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Mammalian Cartilage

Cartilage is a dense network of collagen fibers, embedded in a firm but plastic-like gelatinous substance, covered by a membrane called the perichondrium. The beautiful image presented below is a phase contrast photomicrograph of a thin section of cartilage that has been stained with eosin and hematoxylin.

The primary function of cartilage in mammals is to form a model for later growth of the bony skeleton, but some parts of the skeleton will retain the cartilage form into adulthood. Unlike bone, cartilage contains no blood vessels. Specialized cells, called chondrocytes, are distributed throughout the collagen gel matrix and obtain nutrition by diffusion through the gel.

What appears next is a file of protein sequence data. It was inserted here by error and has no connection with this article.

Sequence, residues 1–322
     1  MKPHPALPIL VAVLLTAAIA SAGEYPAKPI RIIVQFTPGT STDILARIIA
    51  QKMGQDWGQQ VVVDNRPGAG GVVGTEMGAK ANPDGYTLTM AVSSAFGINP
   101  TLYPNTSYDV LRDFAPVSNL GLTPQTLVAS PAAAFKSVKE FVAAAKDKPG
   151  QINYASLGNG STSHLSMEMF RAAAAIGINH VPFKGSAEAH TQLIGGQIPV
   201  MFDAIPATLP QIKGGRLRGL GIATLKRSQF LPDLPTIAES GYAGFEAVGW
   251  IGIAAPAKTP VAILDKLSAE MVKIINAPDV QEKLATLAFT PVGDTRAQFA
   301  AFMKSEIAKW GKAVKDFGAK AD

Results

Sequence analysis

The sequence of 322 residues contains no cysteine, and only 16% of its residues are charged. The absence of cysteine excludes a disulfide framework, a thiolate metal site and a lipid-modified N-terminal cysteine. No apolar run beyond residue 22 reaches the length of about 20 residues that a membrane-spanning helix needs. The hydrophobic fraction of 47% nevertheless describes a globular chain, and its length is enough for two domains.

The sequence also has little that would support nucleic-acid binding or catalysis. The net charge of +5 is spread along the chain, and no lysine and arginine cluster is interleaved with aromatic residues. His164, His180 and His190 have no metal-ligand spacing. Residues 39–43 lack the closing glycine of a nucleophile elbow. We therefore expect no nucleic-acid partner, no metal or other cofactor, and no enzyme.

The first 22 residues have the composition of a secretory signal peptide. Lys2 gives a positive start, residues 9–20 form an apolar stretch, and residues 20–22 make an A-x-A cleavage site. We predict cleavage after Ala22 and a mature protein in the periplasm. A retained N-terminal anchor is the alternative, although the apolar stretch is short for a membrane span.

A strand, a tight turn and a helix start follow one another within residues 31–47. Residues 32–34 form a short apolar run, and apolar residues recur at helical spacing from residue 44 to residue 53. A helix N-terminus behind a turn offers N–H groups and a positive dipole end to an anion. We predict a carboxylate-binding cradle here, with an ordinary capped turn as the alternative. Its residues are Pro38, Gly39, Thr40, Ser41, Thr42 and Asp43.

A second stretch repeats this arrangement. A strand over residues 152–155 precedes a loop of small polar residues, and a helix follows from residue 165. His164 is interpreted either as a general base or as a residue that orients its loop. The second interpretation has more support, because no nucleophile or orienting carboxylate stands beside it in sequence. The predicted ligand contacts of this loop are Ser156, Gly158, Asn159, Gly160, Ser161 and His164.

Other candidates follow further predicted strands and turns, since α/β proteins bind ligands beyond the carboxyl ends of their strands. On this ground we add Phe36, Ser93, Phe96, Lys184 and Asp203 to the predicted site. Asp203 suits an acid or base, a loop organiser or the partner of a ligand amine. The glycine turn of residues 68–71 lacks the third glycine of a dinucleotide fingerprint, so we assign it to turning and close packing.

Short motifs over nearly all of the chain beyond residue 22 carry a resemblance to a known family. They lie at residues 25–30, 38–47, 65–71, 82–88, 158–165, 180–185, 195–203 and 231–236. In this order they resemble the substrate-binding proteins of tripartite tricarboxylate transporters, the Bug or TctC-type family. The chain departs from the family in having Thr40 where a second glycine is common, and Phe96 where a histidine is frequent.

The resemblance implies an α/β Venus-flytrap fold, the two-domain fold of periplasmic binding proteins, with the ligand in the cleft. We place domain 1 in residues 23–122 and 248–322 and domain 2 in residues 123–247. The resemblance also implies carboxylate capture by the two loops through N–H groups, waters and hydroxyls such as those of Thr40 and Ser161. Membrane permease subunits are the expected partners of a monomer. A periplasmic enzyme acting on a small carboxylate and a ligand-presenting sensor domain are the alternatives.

Mammals have three types of cartilage. Hyaline cartilage is the type which makes up the embryonic skeleton, most of which will change into bone as the animal matures. In adult humans, it remains unchanged in some parts of the body, including the ends of bones in free-moving joints, at the ends of the ribs, and in the nose, larynx, trachea, and bronchi. Fibrocartilage is a very tough form that is found in the disks of the spinal column. Elastic cartilage makes up the external ear, the auditory tube of the middle ear, and the epiglottis.


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